9. Historical Context: Reflect on the historical context of St. Ephraim’s life. How did the challenges he faced shape his ministry, and what lessons can we draw from this for our own times?
  10. Living the Faith: How does St. Ephraim’s commitment to living out his faith through service and hymnody challenge you to embody your beliefs in everyday actions?


From, an excerpt from the teachings of Pope Benedict XVI  General Audience 2007:

“The figure of Ephrem is still absolutely timely for the life of the various Christian Churches. We discover him in the first place as a theologian who reflects poetically, on the basis of Holy Scripture, on the mystery of man’s redemption brought about by Christ, the Word of God incarnate. His is a theological reflection expressed in images and symbols taken from nature, daily life and the Bible. Ephrem gives his poetry and liturgical hymns a didactic and catechetical character: they are theological hymns yet at the same time suitable for recitation or liturgical song. On the occasion of liturgical feasts, Ephrem made use of these hymns to spread Church doctrine. Time has proven them to be an extremely effective catechetical instrument for the Christian community.

Ephrem’s reflection on the theme of God the Creator is important: nothing in creation is isolated and the world, next to Sacred Scripture, is a Bible of God. By using his freedom wrongly, man upsets the cosmic order. The role of women was important to Ephrem. The way he spoke of them was always inspired with sensitivity and respect: the dwelling place of Jesus in Mary’s womb greatly increased women’s dignity. Ephrem held that just as there is no Redemption without Jesus, there is no Incarnation without Mary. The divine and human dimensions of the mystery of our redemption can already be found in Ephrem’s texts; poetically and with fundamentally scriptural images, he anticipated the theological background and in some way the very language of the great Christological definitions of the fifth-century Councils.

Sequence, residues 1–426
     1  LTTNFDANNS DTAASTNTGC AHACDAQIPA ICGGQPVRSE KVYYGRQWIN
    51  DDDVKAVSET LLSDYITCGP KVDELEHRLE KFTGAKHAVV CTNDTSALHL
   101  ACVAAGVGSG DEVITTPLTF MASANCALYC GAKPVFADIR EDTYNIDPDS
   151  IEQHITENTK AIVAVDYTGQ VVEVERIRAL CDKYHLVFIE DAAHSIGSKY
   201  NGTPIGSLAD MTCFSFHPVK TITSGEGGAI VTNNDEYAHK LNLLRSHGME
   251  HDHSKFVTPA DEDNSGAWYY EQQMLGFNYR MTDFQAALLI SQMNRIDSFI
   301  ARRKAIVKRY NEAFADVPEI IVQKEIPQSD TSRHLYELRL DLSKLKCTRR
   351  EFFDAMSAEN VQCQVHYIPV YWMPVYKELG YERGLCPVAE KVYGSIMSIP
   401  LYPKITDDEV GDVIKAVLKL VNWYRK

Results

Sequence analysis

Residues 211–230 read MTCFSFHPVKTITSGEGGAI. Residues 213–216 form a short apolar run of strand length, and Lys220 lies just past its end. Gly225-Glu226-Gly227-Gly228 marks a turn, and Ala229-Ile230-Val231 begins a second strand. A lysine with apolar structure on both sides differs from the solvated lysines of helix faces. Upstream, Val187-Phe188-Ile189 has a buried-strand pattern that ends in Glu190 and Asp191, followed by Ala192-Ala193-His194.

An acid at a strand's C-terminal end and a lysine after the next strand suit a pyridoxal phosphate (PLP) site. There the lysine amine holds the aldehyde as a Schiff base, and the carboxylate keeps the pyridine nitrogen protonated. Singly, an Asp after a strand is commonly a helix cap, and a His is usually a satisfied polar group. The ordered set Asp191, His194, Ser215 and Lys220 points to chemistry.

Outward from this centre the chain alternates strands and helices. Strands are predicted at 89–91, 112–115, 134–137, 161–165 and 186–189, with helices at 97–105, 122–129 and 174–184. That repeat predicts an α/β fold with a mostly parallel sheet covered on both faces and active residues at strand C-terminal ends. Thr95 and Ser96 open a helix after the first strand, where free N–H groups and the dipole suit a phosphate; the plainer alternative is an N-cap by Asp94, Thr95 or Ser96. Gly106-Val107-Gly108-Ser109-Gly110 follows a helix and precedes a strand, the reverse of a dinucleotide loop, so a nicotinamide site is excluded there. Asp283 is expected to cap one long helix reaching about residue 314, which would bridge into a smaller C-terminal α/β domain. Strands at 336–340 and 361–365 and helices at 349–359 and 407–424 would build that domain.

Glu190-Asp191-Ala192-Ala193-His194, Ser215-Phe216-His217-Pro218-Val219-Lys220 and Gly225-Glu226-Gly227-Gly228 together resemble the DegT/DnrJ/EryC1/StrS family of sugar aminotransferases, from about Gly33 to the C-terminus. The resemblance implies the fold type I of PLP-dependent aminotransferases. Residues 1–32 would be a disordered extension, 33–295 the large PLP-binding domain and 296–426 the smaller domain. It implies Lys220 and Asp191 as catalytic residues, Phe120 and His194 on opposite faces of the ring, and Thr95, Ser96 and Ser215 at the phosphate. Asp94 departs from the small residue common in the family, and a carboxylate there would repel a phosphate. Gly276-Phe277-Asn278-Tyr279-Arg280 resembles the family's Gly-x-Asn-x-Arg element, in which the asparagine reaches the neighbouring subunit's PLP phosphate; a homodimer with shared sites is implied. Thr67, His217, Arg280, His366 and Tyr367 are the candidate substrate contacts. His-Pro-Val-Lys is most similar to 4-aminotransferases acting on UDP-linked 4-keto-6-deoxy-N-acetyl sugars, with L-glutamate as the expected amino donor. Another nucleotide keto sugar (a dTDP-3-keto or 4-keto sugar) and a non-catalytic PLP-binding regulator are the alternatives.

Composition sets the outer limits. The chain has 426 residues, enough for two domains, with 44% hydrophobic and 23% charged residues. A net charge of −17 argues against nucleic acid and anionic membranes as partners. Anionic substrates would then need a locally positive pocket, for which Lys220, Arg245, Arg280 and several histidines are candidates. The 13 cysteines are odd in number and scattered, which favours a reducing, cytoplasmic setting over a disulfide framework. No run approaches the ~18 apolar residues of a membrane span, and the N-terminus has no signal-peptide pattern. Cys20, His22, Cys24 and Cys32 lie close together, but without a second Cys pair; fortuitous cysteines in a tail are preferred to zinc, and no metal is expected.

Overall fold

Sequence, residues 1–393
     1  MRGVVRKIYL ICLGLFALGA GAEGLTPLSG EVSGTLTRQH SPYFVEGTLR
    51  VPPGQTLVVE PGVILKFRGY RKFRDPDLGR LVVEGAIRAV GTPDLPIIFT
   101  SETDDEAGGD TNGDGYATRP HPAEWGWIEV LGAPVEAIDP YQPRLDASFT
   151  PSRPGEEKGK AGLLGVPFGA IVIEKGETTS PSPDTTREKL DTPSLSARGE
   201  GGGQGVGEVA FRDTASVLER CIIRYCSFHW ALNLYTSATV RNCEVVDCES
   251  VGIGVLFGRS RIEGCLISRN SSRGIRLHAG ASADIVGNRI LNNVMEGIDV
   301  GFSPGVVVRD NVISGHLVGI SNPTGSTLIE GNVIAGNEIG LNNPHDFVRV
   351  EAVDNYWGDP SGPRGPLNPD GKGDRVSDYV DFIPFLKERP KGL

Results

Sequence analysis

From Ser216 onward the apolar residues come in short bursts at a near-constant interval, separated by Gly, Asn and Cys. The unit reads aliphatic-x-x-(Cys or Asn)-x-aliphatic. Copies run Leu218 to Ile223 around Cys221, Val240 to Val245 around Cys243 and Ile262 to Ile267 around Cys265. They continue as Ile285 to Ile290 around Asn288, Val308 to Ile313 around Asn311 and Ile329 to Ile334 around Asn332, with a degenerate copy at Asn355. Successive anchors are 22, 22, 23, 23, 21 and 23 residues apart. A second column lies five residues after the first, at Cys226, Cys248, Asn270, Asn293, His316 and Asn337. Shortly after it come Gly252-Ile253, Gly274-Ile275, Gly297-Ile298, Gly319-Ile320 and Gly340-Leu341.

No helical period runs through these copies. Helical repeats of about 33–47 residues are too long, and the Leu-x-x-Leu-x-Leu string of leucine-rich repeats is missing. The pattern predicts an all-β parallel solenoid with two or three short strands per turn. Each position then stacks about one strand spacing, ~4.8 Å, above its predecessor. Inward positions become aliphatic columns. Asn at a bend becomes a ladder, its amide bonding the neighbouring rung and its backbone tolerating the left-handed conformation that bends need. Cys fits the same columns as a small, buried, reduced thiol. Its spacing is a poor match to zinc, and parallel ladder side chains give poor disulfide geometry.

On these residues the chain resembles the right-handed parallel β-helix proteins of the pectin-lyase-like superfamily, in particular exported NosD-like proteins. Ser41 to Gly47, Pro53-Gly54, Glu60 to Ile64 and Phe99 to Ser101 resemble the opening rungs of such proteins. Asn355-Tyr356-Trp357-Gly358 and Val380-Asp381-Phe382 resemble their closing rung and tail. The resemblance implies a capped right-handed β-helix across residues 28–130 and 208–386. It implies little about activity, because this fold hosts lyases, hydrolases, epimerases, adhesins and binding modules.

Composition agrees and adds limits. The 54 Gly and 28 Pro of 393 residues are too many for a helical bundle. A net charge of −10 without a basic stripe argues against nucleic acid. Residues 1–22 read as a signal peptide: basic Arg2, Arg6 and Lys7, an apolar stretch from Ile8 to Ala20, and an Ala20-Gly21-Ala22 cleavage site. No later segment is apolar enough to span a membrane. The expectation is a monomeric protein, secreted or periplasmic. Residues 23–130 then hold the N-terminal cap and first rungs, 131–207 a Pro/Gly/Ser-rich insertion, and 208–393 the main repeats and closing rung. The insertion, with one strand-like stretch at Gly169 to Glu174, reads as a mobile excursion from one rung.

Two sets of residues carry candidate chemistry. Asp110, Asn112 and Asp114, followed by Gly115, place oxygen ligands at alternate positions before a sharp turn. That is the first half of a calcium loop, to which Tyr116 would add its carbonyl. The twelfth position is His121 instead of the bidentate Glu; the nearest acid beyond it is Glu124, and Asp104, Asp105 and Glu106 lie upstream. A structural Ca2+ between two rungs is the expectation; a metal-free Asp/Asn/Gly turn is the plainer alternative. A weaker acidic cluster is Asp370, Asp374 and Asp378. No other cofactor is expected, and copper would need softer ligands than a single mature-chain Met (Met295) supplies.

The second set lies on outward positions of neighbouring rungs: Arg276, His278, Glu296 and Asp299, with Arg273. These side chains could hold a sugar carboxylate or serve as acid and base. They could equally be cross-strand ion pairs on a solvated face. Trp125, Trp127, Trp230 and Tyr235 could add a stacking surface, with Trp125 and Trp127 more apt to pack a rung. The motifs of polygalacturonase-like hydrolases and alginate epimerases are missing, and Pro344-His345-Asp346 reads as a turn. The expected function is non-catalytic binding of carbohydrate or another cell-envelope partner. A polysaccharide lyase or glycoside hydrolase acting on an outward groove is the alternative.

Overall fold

Ephrem, honoured by Christian tradition with the title “Harp of the Holy Spirit”, remained a deacon of the Church throughout his life. It was a crucial and emblematic decision: he was a deacon, a servant, in his liturgical ministry, and more radically, in his love for Christ, whose praises he sang in an unparalleled way, and also in his love for his brethren, whom he introduced with rare skill to the knowledge of divine Revelation.”

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Dr. Matthew E. Bunson is a Register senior editor and a senior contributor to EWTN News. For the past 20 years, he has been active in the area of Catholic social communications and education, including writing, editing, and teaching on a variety of topics related to Church history, the papacy, the saints and Catholic culture. He is faculty chair at Catholic Distance University, a senior fellow of the St. Paul Center for Biblical Theology, and the author or co-author of over 50 books including The Encyclopedia of Catholic History, The Pope Encyclopedia, We Have a Pope! Benedict XVI, The Saints Encyclopedia and best-selling biographies of St. Damien of Molokai and St. Kateri Tekakwitha.